5/5

7. Deerskin - Sunday Chill Stream

This is the second time for me, and it still holds the same pervasive charm. Watching demented clueless narcissistic characters descend even further is just a joy, and this film captures all that in an extremely funny and surreal way. It's also only 75 minutes, so that's incredibly hard to argue with.

4.5/5

8. Wild at Heart - Sunday Chill Stream

Lynch's exploitation movie and Wizard of Oz tribute. For me it's one of his weaker features, perhaps even the weakest, but for Lynch that's still head and shoulders above where most filmmakers are. There are just enough horny, surreal, violent, and bizarre moments to keep me hooked, even if the whole effect is a bit loose for my liking. It all just needs tightening up, maybe ditch half of the cast, or focus primarily on Laura Dern and Nick Cage's characters.

4/5

9. Blue Velvet - Sunday Chill Stream

Here is another film I could fidget and chat through because I've seen it too many times. It's perfect, it's maybe my favourite Lynch film, certainly in the top three with Inland Empire and Fire Walk With Me. It's an exploration of sex, of power, of relationships, of fear, of coming of age, all wrapped in a surreal neo-Noir shell, and imho it contains several lifetime best performances, most notably Dennis Hopper and Isabella Rosselini. Is Dean Stockwell's Ben a homophobic trope indicating Lynch's underlying unease, or at minimum disinterest, in depicting queer characters positively unless they're attractive women? Yes. I could never hate Lynch though.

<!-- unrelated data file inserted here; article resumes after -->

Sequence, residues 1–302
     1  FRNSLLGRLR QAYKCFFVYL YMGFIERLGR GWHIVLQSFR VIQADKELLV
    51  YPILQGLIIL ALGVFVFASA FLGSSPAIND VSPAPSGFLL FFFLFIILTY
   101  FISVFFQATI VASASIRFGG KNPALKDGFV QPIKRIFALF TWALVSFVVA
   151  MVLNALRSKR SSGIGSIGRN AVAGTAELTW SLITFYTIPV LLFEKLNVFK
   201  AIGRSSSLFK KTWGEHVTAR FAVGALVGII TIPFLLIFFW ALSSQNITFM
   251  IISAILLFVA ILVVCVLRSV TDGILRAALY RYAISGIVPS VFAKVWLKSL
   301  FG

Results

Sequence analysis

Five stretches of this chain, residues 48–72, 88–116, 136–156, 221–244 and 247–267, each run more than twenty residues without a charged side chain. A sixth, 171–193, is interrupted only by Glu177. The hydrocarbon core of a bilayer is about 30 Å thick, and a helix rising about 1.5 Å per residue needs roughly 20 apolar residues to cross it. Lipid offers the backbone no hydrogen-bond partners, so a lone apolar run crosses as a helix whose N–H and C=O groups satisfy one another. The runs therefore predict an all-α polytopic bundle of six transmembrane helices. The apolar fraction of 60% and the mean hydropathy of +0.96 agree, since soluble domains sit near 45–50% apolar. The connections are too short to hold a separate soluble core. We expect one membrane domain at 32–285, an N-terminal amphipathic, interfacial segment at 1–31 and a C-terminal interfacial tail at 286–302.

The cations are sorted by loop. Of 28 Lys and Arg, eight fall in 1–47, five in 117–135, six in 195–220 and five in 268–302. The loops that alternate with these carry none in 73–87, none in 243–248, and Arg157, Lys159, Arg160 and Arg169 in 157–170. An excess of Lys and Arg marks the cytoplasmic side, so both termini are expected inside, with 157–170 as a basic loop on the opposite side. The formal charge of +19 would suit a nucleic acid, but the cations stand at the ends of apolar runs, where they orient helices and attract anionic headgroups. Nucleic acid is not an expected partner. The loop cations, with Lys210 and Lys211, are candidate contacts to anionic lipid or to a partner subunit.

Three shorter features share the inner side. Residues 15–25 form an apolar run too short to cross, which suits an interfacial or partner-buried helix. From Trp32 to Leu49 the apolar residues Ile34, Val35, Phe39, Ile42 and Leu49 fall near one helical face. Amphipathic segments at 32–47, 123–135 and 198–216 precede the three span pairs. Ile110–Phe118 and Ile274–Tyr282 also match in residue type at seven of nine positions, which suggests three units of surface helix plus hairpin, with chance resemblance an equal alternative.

5/5

10. Varan - Bracketology Stream

This is just bad. The characters are negligible, the story is meaningless, the conflict could be a statement about the evils of imperialism but it really isn't, it might even be the complete opposite and probably is. The camera is mostly interested in watching howitzers fire. Just bad, bad, bad, and more bad. I'm putting it at the same score as Red Zone Cuba, and Beast of the Yucca Flats, and Monster-a-Go-Go if that's an indication, this is the score I reserve for non-movies that want to trick you into watching them.

1/5

11. The Roost - Bracketology Stream

Another bad, bad, terrible, no good movie, but not maliciously so. Here it's all just amateur incompetence, slightly saved by the presence of Tom Noonan. He stands like an island in the film, a William Castle figure, reminding you that it's all just for fun, and to enjoy yourselves, but there's no enjoying this Tom. You lied to me, you little scamp.

1.5/5

Official - 2/13
X-Files - 11/?

Debbie Does Dagon fucked around with this message at 21:34 on May 4, 2021

Debbie Does Dagon
Jul 8, 2005





So I watched these a few days ago and then had a horrid mental health episode, and I can't really remember much of my experience at all, but I have notes and gifs, and that's a start, right?

3. Vampyres (1974) - Tubi (US)/Shudder(GB/US)